RCC members will be there from 11 a.m. – 2 p.m. on Saturday, October 8 and we hope you will drop by.

  • See the sheep at work.

  • Get help with invasive plant ID.  Have a question about something in your yard?  Bring a sample or snap a picture.  

  • A short, guided walk through the woods and down to the creek. 

  • Plus the opportunity to see our lending libary and perhaps go home with a good book.

Map to the site

There really is no such thing as a bad plant.  These plants (English ivy, privet, Japanese honeysuckle and others) just do not belong here!

 

 

 

Another good book…This one is about BEAVERS!

Eager – The Surprising, Secret Life of Beavers and Why They Matter

This is what one of our readers has to say about the book…

“Eager Beaver is a book that was recommended by a Reedy Creek Coalition member at the invasive ivy removal workday in January. She was right, the book reads more like a story than an academic study of the ecological importance of the habit building effects of beaver dams and poses the dilemma of how to effectively balance that benefit with the often times destructive effect on human creations like culverts and bridges/roads. The kind of book you’d likely never come across if not recommended…I’m glad it was.”  

To borrow a book enter the name of the book at this link. https://reedycreekcoalition.org/contact-us/ Please allow a day or two for a response which will come to your e-mail.

Want to Learn More about Bees and other Pollinators?

Have you been looking at the bees and other pollinators buzzing about in your garden and want to learn more? Concerned about the decline in insects? Our book, Pollinators of Native Plants, may interest you.

We also have a booklet, Bee Basics – An Introduction to Native Bees, which covers the most common groups of native bees, how they nest and how different bees species use different types of plants. This is also available as a PDF.

To borrow a book enter the name of the book at this link. https://reedycreekcoalition.org/contact-us/ Please allow a day or two for a response which will come to your e-mail.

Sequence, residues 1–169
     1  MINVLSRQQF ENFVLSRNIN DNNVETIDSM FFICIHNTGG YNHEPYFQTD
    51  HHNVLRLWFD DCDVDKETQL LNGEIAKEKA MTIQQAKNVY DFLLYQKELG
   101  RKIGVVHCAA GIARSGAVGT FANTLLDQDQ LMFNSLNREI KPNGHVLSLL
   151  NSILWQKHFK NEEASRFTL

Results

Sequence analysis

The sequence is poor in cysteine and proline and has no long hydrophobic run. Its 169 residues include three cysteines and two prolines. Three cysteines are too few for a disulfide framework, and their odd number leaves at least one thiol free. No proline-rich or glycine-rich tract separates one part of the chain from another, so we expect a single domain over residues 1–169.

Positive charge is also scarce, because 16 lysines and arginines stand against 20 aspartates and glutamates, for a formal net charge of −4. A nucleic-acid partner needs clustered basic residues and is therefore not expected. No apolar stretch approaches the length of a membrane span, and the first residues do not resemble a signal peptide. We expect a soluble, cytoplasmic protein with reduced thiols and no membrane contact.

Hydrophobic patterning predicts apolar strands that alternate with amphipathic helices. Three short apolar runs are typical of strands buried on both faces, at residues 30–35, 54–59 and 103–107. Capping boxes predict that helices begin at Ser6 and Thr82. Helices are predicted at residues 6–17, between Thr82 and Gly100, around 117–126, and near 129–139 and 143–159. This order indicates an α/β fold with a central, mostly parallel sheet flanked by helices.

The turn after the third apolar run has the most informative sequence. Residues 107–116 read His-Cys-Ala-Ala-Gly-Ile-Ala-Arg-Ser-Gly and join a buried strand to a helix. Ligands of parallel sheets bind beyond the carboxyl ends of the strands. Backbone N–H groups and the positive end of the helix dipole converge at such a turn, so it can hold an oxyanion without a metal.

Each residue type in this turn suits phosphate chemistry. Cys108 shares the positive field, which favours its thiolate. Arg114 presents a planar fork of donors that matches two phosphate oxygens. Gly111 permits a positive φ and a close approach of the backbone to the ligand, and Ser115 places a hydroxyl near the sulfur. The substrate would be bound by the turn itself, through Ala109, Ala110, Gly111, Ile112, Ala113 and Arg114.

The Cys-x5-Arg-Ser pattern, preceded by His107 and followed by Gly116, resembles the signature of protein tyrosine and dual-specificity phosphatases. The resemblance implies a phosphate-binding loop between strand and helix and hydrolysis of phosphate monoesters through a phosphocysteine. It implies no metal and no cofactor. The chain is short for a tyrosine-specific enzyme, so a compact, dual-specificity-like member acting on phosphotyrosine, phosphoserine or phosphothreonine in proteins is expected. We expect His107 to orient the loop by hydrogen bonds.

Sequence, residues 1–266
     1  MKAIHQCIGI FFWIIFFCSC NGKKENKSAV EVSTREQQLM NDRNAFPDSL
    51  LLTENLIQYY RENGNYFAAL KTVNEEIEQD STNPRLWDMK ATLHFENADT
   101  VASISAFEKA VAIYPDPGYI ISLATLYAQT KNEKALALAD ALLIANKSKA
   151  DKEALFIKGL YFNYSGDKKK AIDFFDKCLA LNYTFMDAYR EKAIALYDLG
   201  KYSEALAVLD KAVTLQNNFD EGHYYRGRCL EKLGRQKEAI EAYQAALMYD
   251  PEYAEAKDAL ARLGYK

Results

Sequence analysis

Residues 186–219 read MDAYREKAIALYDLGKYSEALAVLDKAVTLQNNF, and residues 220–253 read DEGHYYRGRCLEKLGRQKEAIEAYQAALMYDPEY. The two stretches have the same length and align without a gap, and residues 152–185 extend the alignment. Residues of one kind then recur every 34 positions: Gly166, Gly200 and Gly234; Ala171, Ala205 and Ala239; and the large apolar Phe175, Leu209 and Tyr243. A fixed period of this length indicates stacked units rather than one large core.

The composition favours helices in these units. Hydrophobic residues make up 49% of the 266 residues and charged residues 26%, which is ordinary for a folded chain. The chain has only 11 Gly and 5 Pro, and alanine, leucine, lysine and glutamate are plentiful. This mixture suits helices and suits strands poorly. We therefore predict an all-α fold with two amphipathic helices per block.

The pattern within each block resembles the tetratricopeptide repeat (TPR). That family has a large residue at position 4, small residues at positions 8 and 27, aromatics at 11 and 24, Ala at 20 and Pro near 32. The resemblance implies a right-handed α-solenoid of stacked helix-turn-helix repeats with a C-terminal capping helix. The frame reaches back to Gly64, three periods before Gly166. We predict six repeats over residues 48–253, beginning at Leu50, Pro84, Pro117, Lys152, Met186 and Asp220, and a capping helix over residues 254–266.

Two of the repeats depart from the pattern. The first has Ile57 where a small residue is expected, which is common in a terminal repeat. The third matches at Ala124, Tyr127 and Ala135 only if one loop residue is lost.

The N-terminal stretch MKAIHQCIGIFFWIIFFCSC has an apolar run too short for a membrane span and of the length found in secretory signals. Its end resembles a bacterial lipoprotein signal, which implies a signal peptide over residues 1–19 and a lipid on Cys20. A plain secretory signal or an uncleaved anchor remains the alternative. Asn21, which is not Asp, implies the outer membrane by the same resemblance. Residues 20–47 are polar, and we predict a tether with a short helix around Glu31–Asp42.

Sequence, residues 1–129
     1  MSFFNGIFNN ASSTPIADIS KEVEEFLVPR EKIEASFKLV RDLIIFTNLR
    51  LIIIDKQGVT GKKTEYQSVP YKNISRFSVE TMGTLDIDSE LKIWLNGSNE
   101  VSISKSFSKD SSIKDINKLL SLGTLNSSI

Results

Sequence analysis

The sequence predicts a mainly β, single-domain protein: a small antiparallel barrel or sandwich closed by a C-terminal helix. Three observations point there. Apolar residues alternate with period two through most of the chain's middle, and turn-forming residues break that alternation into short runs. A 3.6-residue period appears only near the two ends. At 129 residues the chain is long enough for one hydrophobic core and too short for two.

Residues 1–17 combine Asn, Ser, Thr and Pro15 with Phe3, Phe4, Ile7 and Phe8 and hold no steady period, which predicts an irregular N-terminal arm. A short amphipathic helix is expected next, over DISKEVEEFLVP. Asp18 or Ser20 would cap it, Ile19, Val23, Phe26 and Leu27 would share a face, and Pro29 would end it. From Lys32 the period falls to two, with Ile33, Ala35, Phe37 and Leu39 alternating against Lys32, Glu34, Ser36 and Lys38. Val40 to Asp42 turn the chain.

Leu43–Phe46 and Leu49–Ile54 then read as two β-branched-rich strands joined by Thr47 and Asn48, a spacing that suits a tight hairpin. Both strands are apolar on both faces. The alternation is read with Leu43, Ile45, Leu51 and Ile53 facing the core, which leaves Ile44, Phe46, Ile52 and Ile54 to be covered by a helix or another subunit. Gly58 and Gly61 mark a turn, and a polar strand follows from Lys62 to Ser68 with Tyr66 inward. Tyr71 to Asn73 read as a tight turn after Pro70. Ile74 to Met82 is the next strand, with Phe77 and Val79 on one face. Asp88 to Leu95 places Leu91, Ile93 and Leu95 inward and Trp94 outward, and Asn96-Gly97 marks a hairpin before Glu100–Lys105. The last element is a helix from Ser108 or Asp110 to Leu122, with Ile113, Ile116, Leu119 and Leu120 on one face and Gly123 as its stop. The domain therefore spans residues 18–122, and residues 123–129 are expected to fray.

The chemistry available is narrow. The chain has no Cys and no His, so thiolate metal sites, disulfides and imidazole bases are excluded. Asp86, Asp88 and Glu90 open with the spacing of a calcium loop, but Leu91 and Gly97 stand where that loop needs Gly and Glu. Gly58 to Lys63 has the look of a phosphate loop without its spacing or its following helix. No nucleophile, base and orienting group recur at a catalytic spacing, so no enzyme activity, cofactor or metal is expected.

Habitat Restoration: Why does your local watershed group think this is important?

Crooked Branch Ravine Park receives about 480,000 gallons of water during a 1 inch rain event and acts like a sponge, soaking up rain water, keeping much of it where it falls.  Tree leaves, bark and roots, along with the understory plants and leaf litter on the ground, make this possible.

English ivy and other non-native invasive plants will threaten the tree canopy and, over time and, as trees no longer thrive, the ability to retain rain will be limited.  Important habitat for critters will be lost, more sediment goes into the water, and there will be more flooding events down stream.  Think of the potential for flooding at Dunston Avenue near the Reedy Creek and in Forest Hill Park.  Our efforts now will have many benefits in the future.

Please come help remove English ivy and other invaisve, non-native plants.  

  • Sunday,  May 1  1 – 3 p.m.  or as long as you can stay.
  • Bring gloves and your own tools: hand clippers, lopers, a saw or other tool you prefer.  A small garden tool for digging may be helpful as well.  An old screwdriver is sometimes helpful for removing ivy from trees; we will show you how.
  • Please bring your own water and consider some insect repellent also.
  • Bring a friend!
  • Map to meeting site

Stormwater, most of which comes from the area around Midlothian Turnpike, leaving Crooked Branch Ravine after a rain.